However, perhaps the strongest evidence of a significant and enduring early European presence lies in more than 100 low-walled (about a metre high), boat-shaped enclosures scattered singly and in small groups across Canada's Eastern Arctic.

Many historians who reject the possibility of a European presence in the region before the arrival of the Norse refer to these peculiar enclosures as native-built “longhouses,” although they bear little similarity to the classic longhouse of archeology. For one thing, they show no evidence of ever having had a roof. So what were they for? Some have concluded that they weren't for human habitation but may have served some mysterious ceremonial purpose.

Archeologist Thomas E. Lee, also of the Museum of Civilization, excavated several longhouses in the sixties and seventies, and was certain that they were habitations even though he couldn't determine how they might have been roofed.

He died before he could find the answer, but, as I have detailed in The Farfarers, I followed his lead and discovered that these longhouses are virtually identical in plan, size and materials to buildings once numerous in northern Britain, especially Orkney and Shetland., some still inhabited, and which were roofed by overturning large boats on the stone walls. Originally, these boats were sheathed with sea-mammal hides (especially walrus and seal), which, being semi-translucent, admitted light and were almost perfectly waterproof.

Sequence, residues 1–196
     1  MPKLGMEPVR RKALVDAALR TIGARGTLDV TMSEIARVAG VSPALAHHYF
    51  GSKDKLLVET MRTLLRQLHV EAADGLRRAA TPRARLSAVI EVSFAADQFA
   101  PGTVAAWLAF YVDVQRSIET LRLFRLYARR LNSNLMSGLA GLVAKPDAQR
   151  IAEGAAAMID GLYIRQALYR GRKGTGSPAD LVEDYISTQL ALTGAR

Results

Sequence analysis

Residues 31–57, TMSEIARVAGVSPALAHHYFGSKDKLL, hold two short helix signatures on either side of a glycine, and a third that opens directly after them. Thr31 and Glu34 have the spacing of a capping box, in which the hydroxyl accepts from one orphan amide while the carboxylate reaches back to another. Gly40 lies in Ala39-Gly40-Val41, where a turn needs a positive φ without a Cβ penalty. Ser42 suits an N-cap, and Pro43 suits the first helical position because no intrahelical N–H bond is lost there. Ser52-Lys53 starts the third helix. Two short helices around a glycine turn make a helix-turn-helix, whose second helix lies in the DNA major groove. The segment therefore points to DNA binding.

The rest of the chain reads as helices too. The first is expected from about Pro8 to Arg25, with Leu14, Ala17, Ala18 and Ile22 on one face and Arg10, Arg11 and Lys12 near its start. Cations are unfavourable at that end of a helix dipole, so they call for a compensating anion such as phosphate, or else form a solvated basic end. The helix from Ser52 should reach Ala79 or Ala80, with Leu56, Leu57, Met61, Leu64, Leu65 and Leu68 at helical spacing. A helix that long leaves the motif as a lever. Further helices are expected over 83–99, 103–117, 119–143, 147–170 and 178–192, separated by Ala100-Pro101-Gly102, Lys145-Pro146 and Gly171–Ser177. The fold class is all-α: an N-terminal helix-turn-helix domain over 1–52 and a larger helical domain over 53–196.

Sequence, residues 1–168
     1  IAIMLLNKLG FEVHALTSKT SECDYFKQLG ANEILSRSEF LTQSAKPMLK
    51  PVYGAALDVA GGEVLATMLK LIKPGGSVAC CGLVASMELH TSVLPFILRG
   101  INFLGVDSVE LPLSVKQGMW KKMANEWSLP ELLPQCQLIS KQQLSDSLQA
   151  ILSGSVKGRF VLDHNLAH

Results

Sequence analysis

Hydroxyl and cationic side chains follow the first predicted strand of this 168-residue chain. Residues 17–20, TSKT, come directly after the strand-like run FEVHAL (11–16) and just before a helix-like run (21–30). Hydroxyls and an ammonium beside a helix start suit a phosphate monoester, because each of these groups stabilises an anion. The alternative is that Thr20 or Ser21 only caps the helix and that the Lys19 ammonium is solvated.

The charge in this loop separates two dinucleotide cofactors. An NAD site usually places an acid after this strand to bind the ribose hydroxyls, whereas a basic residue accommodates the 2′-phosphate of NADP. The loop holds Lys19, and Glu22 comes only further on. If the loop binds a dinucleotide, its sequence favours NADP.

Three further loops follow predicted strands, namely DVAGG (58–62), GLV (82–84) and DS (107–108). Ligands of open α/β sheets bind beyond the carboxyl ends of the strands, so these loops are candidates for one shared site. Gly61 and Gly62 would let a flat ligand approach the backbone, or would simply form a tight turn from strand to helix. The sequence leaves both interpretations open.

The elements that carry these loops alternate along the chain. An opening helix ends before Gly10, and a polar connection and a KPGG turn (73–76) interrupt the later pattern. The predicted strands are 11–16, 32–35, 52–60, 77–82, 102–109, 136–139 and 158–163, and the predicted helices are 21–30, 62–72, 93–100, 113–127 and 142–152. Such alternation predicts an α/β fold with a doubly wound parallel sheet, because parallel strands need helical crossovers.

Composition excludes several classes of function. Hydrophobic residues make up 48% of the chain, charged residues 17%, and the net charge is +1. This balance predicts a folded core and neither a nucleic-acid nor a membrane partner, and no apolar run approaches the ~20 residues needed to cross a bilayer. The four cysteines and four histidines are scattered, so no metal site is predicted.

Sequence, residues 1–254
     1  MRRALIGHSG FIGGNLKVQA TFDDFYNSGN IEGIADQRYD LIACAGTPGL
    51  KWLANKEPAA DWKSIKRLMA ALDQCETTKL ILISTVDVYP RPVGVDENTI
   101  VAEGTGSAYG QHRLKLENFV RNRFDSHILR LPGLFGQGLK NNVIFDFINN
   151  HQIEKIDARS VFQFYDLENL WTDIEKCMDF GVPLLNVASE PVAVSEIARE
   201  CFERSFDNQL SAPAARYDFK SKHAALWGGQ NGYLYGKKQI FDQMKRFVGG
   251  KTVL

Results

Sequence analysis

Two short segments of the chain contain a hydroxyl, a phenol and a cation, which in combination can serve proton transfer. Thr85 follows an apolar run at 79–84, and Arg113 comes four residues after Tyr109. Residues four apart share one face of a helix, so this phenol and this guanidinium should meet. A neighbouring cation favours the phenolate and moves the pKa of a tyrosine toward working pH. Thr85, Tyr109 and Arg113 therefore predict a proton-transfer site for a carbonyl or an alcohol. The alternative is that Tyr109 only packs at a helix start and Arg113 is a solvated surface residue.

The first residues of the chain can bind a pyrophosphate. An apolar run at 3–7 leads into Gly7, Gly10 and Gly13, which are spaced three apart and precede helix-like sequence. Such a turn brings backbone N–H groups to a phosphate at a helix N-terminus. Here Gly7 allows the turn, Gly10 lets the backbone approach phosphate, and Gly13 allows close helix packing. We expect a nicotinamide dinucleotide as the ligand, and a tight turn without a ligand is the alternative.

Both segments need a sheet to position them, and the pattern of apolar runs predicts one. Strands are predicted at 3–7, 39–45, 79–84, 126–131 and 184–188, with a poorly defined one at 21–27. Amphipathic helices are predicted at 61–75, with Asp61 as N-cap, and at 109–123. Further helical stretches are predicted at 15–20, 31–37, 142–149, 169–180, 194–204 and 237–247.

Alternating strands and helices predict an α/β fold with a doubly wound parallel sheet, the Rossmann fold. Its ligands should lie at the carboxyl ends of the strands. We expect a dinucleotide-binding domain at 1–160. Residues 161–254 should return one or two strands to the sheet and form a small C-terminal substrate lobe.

The houses are just part of a significant body of evidence that testifies to a strong European presence in the Canadian Arctic as early as the sixth century – a presence that probably still endures in people of mixed heritage and culture in the region.

This evidence continues to accrue and, with a little more time (and digging), it will soon be apparent that Canada's claim to sovereignty was established well over 1,000 years ago. Once this fact is recognized in international law, we won't need to establish it by force of arms.